Rapid planting, generous moisture
05/19/15 — So far in 2015 we have rapid planting of most crops (corn, soybeans, HRS wheat, barley) and generous moisture levels (in some cases dry western areas are now much too wet). Winter wheat crops in the U.S. continue to improve such that Pro Ag yield models are suggesting a record shattering yield in 2015 – and a rapidly improving crop with recent rains in the western HRW wheat country.
Crop progress and conditions yesterday, 5/18 released by USDA showed corn planting at 85% vs. 75% normally, advancing another 10% as much progress was made in Colorado (22%), Indiana (22%), Kentucky (21%), Michigan (14%), Ohio (22%), Pennsylvania (28%), and Wisconsin (16%). Note these are mostly eastern Corn Belt states that did not receive much rain over the past week, while the western Corn Belt suffered under some moderate to heavy rains. Corn emergence is at 56% vs. 40% normally, so we will get corn crop conditions next week in our report, and they are likely to be average or slightly above average.
Soybean planting is at 45% planted vs. 36% normally, with 13% emerged vs. 12% normally. Once again the western Corn Belt states were slow planting last week, while the eastern Corn Belt states made steady progress under drier weather conditions. Illinois (47% planted advancing 14%), Indiana (36% planted advancing 19%), Iowa (51% planted advancing 21%), Kentucky (25% planted advancing 16%), Michigan (50% planted advancing 18%), Ohio (46% planted advancing 23%), and Wisconsin (50% planted advancing 25%) all made significant progress last week.
HRS wheat is 94% planted vs. 65% normally, advancing 7% in a wet week that saw most moisture replenished to now be mostly saturated soils, with water running off with a very wet week in the eastern HRS wheat basin. Emergence is at 67% vs. 38% normally, with crop conditions rated 65% G/E, a bit below the normal ratings at this time. Barley planting is at 95% complete vs. 70% normally at this time, with emergence at 72% vs. 40% normally. Barley conditions are 64% rated G/E, also slightly below the normal for the start of spring.
Other crops show cotton at 35% planted vs. 46% normally at this time, with sorghum 38% planted (equal to average) and peanuts 47% planted vs. 46% normally. Cotton is the only crop behind normal in planting progress! Rice is 89% planted vs. 82% normally, with emergence 70% vs. 66% normally. Conditions of rice are 66% rated G/E, the same as last year at this time. Oat planting is 96% complete vs. 84% normally, with emergence at 83% vs. 69% normally, and conditions were steady at 73% rated G/E.
Winter wheat is 68% headed vs. 56% normally, with ratings improving 1% to 45% rated G/E, now well above last year’s 29% rating and normal. The Pro Ag winter wheat yield model rose the most of any week this year, up .35 bu/acre to 48.4 bu/acre, well above USDA’s 43.5 bu/acre estimate in May and trend of 47.26. If realized, this would be a new record large winter wheat crop, beating the old record of 47.8 bu/acre in 1999. It is becoming clear that the winter wheat crop is getting better, not worse as we head towards harvest. So all the talk about disease and other crop problems in U.S. winter wheat country are just made up as reasons why wheat prices are rising.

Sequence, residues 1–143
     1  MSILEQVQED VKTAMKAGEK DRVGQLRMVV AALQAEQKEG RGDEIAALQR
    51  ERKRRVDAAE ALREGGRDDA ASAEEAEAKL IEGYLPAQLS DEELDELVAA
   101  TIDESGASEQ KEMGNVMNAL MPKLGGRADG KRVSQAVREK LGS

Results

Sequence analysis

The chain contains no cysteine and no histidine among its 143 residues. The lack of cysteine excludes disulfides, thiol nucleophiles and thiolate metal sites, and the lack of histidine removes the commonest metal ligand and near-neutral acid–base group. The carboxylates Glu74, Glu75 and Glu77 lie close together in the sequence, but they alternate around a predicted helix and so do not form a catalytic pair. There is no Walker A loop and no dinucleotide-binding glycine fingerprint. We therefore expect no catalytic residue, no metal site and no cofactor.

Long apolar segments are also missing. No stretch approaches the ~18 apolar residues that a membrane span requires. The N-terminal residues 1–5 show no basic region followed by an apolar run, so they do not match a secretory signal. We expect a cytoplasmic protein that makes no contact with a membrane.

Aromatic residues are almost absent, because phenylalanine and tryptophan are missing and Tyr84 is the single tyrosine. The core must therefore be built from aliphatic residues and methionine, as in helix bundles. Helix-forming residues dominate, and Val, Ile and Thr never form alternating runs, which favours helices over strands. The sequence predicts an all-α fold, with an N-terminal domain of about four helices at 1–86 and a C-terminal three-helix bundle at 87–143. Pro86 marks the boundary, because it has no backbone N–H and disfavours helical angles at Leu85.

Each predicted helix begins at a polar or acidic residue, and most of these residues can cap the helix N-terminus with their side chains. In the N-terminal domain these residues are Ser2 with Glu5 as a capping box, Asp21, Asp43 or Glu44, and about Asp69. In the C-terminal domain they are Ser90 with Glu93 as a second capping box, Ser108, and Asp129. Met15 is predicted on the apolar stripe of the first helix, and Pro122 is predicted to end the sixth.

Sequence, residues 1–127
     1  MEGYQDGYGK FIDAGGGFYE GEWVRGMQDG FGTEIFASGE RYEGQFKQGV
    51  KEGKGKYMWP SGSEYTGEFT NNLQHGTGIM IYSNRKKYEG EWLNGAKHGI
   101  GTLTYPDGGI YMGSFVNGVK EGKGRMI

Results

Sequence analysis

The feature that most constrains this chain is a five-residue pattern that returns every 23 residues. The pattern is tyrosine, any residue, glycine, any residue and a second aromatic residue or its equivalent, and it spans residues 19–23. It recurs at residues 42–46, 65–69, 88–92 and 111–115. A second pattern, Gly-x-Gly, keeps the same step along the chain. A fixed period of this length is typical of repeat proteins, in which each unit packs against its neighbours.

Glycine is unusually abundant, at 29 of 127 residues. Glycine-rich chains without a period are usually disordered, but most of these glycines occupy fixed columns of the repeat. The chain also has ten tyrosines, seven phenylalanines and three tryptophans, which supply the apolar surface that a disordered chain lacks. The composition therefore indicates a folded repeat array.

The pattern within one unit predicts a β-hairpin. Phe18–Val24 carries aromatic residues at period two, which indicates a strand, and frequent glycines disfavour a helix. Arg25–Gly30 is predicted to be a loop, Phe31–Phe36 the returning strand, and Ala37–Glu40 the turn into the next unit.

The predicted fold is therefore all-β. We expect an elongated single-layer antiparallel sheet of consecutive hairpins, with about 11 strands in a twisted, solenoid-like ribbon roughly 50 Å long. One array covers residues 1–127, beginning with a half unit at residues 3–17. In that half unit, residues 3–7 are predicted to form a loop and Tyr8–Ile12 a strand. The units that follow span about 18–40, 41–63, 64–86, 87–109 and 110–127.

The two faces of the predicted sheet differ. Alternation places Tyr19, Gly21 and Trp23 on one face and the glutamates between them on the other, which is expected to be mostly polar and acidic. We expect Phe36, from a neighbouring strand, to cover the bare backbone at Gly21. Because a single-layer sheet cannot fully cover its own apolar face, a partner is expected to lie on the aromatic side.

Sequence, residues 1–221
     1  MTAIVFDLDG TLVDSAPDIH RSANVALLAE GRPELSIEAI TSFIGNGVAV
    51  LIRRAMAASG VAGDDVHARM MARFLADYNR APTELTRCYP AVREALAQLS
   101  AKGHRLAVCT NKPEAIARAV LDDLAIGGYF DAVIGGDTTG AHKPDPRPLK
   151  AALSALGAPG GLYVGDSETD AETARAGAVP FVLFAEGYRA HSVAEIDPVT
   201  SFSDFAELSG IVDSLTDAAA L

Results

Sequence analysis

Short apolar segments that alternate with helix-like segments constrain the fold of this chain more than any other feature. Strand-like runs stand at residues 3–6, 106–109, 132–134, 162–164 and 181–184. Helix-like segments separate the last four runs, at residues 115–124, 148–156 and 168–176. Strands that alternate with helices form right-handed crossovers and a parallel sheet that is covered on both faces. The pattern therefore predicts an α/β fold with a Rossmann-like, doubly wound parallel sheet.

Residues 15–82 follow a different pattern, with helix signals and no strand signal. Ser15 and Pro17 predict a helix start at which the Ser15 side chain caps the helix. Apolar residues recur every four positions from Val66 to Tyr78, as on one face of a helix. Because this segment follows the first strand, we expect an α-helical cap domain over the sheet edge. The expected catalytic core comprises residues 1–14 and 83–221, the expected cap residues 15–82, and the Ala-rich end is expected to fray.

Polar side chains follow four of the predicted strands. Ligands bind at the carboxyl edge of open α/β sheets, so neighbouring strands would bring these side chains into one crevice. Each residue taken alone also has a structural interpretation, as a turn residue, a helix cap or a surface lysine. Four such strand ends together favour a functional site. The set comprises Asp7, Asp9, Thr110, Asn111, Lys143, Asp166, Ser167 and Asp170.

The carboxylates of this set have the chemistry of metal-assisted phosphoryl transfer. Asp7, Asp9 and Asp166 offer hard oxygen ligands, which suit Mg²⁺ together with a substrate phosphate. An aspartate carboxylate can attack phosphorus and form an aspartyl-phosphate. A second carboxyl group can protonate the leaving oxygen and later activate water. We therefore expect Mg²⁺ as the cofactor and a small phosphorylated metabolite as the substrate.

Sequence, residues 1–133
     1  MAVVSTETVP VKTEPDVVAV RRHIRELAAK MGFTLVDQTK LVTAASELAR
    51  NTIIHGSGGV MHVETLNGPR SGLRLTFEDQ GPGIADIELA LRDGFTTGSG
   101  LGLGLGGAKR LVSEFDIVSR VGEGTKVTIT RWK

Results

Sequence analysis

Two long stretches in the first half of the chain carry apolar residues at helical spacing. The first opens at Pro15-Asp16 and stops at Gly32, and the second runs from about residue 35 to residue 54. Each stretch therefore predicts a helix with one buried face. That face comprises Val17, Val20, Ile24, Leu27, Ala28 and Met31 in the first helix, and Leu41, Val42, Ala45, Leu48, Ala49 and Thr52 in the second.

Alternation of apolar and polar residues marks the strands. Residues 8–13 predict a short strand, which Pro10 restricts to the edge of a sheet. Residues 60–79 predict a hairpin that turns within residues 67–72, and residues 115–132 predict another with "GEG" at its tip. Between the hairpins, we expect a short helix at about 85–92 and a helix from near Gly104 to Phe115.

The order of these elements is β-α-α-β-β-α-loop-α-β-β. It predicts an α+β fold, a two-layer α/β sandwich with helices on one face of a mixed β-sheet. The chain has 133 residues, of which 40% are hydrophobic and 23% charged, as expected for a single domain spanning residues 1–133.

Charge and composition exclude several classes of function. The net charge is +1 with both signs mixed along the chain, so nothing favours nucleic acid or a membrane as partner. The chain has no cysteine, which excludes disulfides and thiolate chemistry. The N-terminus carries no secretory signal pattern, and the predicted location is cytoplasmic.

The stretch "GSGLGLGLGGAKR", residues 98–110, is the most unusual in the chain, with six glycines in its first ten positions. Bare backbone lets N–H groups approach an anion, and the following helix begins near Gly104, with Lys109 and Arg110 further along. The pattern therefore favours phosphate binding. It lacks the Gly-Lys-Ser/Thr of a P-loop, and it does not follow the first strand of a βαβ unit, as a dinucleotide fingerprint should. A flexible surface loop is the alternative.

They are rising due to the U.S. Ag attache’s last week revision of Chinese crop production potential reduced 5 mmmt (about 200 mb) and Chinese demand hiked 8 mmt (about 320 mb). This is a huge change, and the 32c gain that occurred that day didn’t even come close to digesting that demand and supply news (more like a dollar is needed or more to digest this Chinese news if correct). So wheat prices continued to rise yesterday (but were lower overnight in response to the U.S. winter wheat conditions). Ironically, prices are rising on the Chinese news while U.S. wheat crops continue to improve. It’s likely USDA will need to hike their U.S. winter wheat yield nearly 5 bu/acre, or about 220 mb (more than the reduction in the Chinese crop by the U.S. Ag attache). So we will get some bearish news ahead in the U.S. crop that could be negative once the Chinese news is built into the market.
The forecast today 5/19 keeps the western Corn Belt and HRW wheat areas wet the next week, with the eastern Corn Belt dry so that planting might near completion in this region. Temps will remain below normal, perfect weather to mature winter wheat crops as the crop is likely to keep getting bigger. It is raining in the western HRW wheat belt today, including Colorado, western Kansas/Oklahoma/Texas, and New Mexico.
Look for a mixed week ahead, with grain prices adversely affected by the strong dollar, but the Chinese wheat news supporting the market. Can we rally wheat another 50c on the Chinese news, and get some sales made at these levels?